They aren't a threat to the public in any way.

        No. This is collusion to commit kidnapping for profit.

        Someone with this little regard for the basic human rights of others is the worst threat to the public. They need to be forcibly segregated from the rest of us, in a place where they can receive whatever treatment is necessary to fix their broken brains, until such time as they are capable of treating their fellow humans with at least the minimum level of respect necessary to trust them to roam free among

  • No... (Score:4, Insightful)

    by FlyingSquidStudios (1031284) on Tuesday February 17, 2009 @10:26AM (#26886847) Homepage
    TRUE poetic justice would see them incarcerated in the juvenile detention facilities themselves, surrounded by the very kids they sent there.
    • But still, if it sticks, the judges go to prison, lose their job, their legal and judicial career, and their pensions.

    • Re:No... (Score:4, Funny)

      by MoeDrippins (769977) on Tuesday February 17, 2009 @10:43AM (#26887165)

      TRUE poetic justice would see them incarcerated in the juvenile detention facilities themselves, surrounded by the very kids they sent there.

      ...with the kids reading poetry, preferably of Vogon origin, to them.

  • Recourse (Score:2, Interesting)

    by zaffir (546764)

    What sort of recourse does the girl have? Are there protections preventing her from suing for having three months of her life wasted?

  • justice business (Score:5, Insightful)

    by gowtah (566023) on Tuesday February 17, 2009 @10:27AM (#26886877)
    That's what you get for setting up a privately-owned for-profit detention system.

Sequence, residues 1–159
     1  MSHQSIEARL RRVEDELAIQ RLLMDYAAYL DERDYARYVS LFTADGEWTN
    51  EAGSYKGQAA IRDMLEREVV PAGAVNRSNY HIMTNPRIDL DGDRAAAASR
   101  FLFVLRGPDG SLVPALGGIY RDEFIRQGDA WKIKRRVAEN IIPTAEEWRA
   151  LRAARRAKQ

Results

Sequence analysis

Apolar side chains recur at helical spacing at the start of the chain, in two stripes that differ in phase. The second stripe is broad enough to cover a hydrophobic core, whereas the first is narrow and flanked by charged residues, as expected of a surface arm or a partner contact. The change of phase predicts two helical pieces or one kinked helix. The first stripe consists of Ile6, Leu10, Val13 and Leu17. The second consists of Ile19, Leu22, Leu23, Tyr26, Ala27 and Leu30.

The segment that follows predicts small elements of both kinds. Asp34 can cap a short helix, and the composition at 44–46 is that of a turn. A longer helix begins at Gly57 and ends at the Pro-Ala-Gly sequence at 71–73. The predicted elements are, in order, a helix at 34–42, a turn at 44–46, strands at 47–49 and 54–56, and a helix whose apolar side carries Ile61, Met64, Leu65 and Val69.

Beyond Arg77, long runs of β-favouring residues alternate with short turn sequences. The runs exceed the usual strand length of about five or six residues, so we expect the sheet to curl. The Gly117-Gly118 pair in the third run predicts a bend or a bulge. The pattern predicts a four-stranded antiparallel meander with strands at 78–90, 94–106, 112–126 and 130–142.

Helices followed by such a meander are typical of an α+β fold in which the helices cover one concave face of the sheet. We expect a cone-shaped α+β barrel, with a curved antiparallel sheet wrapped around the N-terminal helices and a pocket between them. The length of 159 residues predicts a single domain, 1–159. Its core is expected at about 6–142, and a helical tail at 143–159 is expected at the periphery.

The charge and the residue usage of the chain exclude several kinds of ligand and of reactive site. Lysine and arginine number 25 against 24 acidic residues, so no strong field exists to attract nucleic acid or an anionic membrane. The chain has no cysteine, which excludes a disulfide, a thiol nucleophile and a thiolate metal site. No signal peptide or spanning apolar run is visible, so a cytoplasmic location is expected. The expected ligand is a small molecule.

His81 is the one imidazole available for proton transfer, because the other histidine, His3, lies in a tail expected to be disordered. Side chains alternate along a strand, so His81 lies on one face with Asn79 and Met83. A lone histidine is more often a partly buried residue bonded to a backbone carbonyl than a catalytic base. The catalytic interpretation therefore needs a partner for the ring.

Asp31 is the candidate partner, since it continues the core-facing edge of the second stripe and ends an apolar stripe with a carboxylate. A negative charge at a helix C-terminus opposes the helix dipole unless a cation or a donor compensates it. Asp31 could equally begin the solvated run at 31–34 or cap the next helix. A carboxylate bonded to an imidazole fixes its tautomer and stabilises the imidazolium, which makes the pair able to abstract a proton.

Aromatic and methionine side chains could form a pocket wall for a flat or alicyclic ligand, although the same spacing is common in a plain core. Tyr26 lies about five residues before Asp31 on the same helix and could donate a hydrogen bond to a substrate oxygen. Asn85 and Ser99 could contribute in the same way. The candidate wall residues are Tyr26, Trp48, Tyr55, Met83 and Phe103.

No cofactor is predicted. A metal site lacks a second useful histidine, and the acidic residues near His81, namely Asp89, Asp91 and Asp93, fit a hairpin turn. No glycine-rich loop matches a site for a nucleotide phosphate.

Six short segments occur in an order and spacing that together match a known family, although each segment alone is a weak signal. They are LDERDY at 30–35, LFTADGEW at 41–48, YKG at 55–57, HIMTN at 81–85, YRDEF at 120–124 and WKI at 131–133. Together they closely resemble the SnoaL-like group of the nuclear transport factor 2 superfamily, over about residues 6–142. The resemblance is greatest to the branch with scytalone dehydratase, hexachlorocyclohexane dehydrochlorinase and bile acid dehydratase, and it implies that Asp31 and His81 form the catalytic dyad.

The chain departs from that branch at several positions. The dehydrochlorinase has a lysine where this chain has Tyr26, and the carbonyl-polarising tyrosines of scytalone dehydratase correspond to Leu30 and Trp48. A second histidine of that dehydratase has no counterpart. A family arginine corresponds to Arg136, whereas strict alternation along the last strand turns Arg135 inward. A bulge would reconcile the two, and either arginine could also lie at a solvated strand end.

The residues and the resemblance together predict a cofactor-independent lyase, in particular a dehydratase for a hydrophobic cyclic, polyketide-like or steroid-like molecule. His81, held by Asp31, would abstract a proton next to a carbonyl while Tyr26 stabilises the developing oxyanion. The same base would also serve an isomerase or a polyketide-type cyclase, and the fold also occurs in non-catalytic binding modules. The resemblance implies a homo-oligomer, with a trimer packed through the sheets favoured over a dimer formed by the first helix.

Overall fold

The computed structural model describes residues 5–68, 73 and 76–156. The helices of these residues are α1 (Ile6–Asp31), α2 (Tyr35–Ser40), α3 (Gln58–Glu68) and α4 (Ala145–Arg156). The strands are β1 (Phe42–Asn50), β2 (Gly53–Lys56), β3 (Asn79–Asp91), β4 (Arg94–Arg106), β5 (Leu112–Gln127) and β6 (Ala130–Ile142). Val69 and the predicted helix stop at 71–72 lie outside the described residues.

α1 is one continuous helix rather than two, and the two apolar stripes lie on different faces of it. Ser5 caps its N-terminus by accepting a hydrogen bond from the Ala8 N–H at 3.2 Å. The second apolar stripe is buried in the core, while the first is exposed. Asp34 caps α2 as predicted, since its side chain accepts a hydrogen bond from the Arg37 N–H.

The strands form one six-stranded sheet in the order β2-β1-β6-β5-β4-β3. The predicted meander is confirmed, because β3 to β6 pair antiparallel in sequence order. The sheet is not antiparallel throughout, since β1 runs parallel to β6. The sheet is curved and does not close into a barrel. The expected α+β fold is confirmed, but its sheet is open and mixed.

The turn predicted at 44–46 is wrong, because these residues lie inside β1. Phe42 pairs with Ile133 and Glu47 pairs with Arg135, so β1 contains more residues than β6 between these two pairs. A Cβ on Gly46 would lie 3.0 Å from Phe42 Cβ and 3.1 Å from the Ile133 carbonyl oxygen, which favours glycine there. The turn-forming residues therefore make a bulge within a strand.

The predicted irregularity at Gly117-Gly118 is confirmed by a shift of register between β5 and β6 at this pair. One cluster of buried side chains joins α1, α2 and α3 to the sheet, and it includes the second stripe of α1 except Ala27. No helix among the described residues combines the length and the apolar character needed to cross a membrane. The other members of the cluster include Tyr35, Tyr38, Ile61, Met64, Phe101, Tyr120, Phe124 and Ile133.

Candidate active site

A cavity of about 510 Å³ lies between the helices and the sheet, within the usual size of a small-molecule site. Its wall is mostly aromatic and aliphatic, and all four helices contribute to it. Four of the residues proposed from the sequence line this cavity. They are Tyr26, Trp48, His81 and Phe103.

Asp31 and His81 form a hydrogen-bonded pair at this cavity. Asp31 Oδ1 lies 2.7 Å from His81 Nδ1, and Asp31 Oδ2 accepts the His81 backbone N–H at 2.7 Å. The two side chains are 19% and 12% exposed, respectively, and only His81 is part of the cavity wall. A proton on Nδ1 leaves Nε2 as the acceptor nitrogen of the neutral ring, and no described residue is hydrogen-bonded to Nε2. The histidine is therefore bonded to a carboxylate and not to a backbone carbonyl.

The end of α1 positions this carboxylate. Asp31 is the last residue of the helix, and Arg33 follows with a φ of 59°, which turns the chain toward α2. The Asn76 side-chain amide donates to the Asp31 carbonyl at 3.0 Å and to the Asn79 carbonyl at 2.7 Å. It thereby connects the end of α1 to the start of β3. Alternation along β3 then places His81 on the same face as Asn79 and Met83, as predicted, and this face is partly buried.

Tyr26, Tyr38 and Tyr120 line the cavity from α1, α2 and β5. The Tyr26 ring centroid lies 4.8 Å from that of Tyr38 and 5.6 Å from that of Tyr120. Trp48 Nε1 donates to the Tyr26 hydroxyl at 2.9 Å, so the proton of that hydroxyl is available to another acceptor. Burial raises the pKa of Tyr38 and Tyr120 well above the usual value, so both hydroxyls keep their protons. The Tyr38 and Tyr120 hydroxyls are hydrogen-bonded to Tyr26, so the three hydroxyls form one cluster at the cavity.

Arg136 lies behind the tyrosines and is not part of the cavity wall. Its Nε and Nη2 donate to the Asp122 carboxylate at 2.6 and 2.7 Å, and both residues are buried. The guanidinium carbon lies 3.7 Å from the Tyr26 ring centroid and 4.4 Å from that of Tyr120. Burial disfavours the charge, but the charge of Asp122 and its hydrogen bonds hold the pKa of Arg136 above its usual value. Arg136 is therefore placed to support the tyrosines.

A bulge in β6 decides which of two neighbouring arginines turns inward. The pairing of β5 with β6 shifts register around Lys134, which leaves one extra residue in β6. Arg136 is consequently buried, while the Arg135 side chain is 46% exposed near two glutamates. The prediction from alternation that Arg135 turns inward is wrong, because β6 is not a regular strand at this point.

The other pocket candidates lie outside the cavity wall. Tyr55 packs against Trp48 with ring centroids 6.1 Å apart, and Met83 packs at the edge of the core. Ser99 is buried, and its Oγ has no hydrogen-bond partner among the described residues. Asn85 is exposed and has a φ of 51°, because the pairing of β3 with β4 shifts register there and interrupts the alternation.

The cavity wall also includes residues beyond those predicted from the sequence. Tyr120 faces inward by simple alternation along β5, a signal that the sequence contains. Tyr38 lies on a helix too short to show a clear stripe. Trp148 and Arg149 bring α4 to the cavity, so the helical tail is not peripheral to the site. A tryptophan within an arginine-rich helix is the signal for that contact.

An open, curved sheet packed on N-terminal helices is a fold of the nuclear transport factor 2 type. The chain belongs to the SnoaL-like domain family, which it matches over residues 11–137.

• worst scum (Score:5, Insightful)

    by Anonymous Coward on Tuesday February 17, 2009 @10:28AM (#26886881)

    These two scumbags are in my state. And I'm in law school, so they also represent my profession. I've of course been following this story on the local media.

    They sent kids to privately owned and operated juvenile detention facilities in exchange for kickbacks. They ruined the lives of children for money.

    Hangings too good for 'em.

    • Re: (Score:3, Insightful)

      by gr8_phk (621180)
      So is anyone going after the people at the corporation? Clearly they bribed a judge right?
  • Satire? (Score:2, Insightful)

    by wmbetts (1306001)
    I didn't see the myspace page or know anything about that case, but he should have been disbarred for that ruling alone if it was strictly satire.
  • by nobodyman (90587) on Tuesday February 17, 2009 @10:31AM (#26886929) Homepage

    True poetic justice would be for these corrupt, callous judges to serve their sentences in the same kind of environment to which they were happy to dispatch juvenile defendants.

    I dunno, man. I'd imagine that being a former judge in a prison is right up there with being a former prosecutor. I wouldn't be surprised if they have to keep him on 24-hour isolation and/or suicide watch. He deserves much worse, but I suspect this will not be a cakewalk for him either.

  • Only 87 months? (Score:5, Insightful)

    by pluther (647209) <pluther@u[ ]net ['sa.' in gap]> on Tuesday February 17, 2009 @10:33AM (#26886975) Homepage

    1. PA Child Care should be shut down. If their business model depends on crooked judges, their business model is wrong.

    2. Now every single case that ended with juveniles sentenced there should be reviewed. (Looks like they're only looking at the one judge's 5000 cases. They need to look at all of them.) The former judge should be billed for all expenses.

    3. Whoever paid the bribes, and whoever authorized them, and whoever knew about this business model and kept quiet, also need to be tried.

    4. An appropriate punishment would be a month in jail for every month spent in the facility for every inmate he wrongfully sent there.

    5. No profit.

  • There is actually (Score:5, Informative)

    by mikesd81 (518581) <mikesd1@veri z o n .net> on Tuesday February 17, 2009 @10:36AM (#26887023) Homepage
    A class action lawsuit being brought against the judges [standardspeaker.com]. Here is a link to the local paper, The Standard Speaker, about the pleas [standardspeaker.com].